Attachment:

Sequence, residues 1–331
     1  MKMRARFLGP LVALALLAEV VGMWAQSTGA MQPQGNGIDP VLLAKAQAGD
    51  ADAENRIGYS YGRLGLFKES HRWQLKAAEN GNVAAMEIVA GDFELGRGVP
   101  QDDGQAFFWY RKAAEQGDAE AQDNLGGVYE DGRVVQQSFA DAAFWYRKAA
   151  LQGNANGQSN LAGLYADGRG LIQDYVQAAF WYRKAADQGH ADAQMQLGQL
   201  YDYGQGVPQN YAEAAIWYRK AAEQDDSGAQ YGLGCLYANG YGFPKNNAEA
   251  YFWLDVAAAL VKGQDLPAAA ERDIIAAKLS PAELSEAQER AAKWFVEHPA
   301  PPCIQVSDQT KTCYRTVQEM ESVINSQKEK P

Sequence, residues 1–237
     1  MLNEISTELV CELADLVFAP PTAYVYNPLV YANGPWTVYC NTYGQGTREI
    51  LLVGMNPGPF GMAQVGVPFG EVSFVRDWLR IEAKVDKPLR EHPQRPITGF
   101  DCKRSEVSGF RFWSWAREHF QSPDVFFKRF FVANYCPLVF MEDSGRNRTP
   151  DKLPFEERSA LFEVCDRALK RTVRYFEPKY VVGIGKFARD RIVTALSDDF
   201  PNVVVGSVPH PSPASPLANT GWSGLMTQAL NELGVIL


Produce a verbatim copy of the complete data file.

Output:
Sequence, residues 1–331
     1  MKMRARFLGP LVALALLAEV VGMWAQSTGA MQPQGNGIDP VLLAKAQAGD
    51  ADAENRIGYS YGRLGLFKES HRWQLKAAEN GNVAAMEIVA GDFELGRGVP
   101  QDDGQAFFWY RKAAEQGDAE AQDNLGGVYE DGRVVQQSFA DAAFWYRKAA
   151  LQGNANGQSN LAGLYADGRG LIQDYVQAAF WYRKAADQGH ADAQMQLGQL
   201  YDYGQGVPQN YAEAAIWYRK AAEQDDSGAQ YGLGCLYANG YGFPKNNAEA
   251  YFWLDVAAAL VKGQDLPAAA ERDIIAAKLS PAELSEAQER AAKWFVEHPA
   301  PPCIQVSDQT KTCYRTVQEM ESVINSQKEK P

Sequence, residues 1–237
     1  MLNEISTELV CELADLVFAP PTAYVYNPLV YANGPWTVYC NTYGQGTREI
    51  LLVGMNPGPF GMAQVGVPFG EVSFVRDWLR IEAKVDKPLR EHPQRPITGF
   101  DCKRSEVSGF RFWSWAREHF QSPDVFFKRF FVANYCPLVF MEDSGRNRTP
   151  DKLPFEERSA LFEVCDRALK RTVRYFEPKY VVGIGKFARD RIVTALSDDF
   201  PNVVVGSVPH PSPASPLANT GWSGLMTQAL NELGVIL